But Some Are More Equal: Race, Exclusion, and Campaign Finance

By Overton, Spencer | Texas Law Review, April 2002 | Go to article overview

But Some Are More Equal: Race, Exclusion, and Campaign Finance


Overton, Spencer, Texas Law Review


Articles

But Some Are More Equal: Race, Exclusion, and Campaign Finance

I. Introduction

Legal academics who call for campaign finance reform-let us call them "Reformers"-have overlooked the significance of race, and as a result their critiques of constitutional jurisprudence and reform proposals remain woefully incomplete. Studies reveal that people of color comprise approximately thirty percent of the nation's population,' but represent only about

one percent of those who make significant political contributions to federal campaigns.2 Issues of racial identity necessarily evoke questions of representation in the political process, and the qualitative nature of representation is in part ally product of the laws and procedures that have historically excluded people of Commentators, courts, and legislatures have extensively analyzed other facially race-neutral procedures that have historically excluded people of color from the political process, such as at-large electoral districts, poll taxes, and literacy tests,4 and they are beginning to analyze contemporary devices such as punch-card ballots.5 Although the doctrines and regulations governing the funding of campaigns are not less significant in shaping the racial distribution of political influence, the interplay between race and campaign finance remains largely unexamined.6

This Article employs race to expose fundamental shortcomings of existing campaign finance jurisprudence and to promote the development of more comprehensive reforms. Current campaign finance jurisprudence and the critiques made by the Reformers are founded upon normative assumptions about democracy that ignore important historical and social realities related to race. Existing frameworks fail to acknowledge that past statemandated discrimination against racial minorities has shaped the current distribution of property, which in turn hinders the ability of many people of color to participate fully in a privately financed political system.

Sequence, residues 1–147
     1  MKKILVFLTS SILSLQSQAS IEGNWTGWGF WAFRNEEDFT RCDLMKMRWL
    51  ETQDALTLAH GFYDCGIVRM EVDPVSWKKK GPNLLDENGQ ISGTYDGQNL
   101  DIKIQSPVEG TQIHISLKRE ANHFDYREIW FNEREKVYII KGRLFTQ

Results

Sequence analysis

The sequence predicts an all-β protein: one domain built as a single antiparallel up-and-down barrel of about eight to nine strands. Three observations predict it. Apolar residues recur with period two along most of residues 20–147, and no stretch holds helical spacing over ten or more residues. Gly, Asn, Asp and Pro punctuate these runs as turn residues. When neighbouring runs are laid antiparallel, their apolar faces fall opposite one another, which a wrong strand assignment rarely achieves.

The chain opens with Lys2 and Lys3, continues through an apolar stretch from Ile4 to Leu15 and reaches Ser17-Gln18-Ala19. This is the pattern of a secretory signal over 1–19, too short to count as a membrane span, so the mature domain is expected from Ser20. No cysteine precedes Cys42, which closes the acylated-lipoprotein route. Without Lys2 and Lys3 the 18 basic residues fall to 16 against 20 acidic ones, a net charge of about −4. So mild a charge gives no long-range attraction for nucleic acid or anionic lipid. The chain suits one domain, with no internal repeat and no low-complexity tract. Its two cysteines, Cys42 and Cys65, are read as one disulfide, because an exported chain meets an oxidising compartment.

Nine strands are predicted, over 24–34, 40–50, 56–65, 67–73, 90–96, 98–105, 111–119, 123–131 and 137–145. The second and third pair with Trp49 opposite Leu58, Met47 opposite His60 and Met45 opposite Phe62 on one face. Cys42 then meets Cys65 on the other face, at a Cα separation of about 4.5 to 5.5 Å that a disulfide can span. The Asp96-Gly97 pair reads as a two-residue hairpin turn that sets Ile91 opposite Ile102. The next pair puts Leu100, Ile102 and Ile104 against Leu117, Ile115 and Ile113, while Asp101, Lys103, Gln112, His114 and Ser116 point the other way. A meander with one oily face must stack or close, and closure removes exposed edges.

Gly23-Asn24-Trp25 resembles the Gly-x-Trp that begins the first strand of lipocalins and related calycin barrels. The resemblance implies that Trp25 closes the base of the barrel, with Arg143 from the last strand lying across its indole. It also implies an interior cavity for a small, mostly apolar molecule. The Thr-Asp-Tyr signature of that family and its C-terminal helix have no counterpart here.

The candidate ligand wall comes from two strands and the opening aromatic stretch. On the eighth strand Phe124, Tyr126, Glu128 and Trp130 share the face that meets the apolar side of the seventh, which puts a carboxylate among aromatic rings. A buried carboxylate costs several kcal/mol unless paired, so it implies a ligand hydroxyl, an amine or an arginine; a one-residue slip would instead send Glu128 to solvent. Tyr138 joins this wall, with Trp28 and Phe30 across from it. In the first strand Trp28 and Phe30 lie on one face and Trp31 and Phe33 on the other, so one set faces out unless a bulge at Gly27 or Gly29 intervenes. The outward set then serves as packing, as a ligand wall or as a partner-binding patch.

By using the First Amendment to undermine legislative restrictions on the use of political money, courts effectively enshrine the existing distribution of property as a baseline for political advantage. This situation is especially troubling because courts generally allow for legislative restrictions that redistribute advantages in the economic sphere, and voting rights doctrine often mandates racial inclusion and equality in the political sphere.7 In addition, class-based legislative reform proposals sometimes inadvertently thwart the interests of people of color. An exclusively class-based approach to reform is inadequate because race operates as a distinct political identity worthy of indepent analysis in the campaign finance context. Racial minorities play an important political role in democracy that transcends their class interests.8 The Reformers' faliure to examine race prevents them from fully identifying and rectifying the flaws in the current campaign finance

system, and thus subtracts from the utility of both their critiques of constitutional jurisprudence and their legislative reform proposals.

Though some assert that decisionmakers should not consider race in a "colorblind" society,9 such a consideration need not entail the employment of a "race card" that trumps all other matters and singularly insists on racespecific solutions. Instead, just as scholars and legal decisionmakers balance such concerns as individual rights, economic efficiency, and general welfare,10 they can use race as one analytical tool in conjunction with other factors. A consideration of racial history and context allows scholars and legal decisionmakers to avoid the pitfalls of the "colorblind card," an ideological extreme that mechanically trumps historical considerations, removes relevant issues from the table, and silences discussion.

Part II of the Article reviews understandings about democracy that Reformers and supporters of current campaign finance jurisprudence tend to emphasize.

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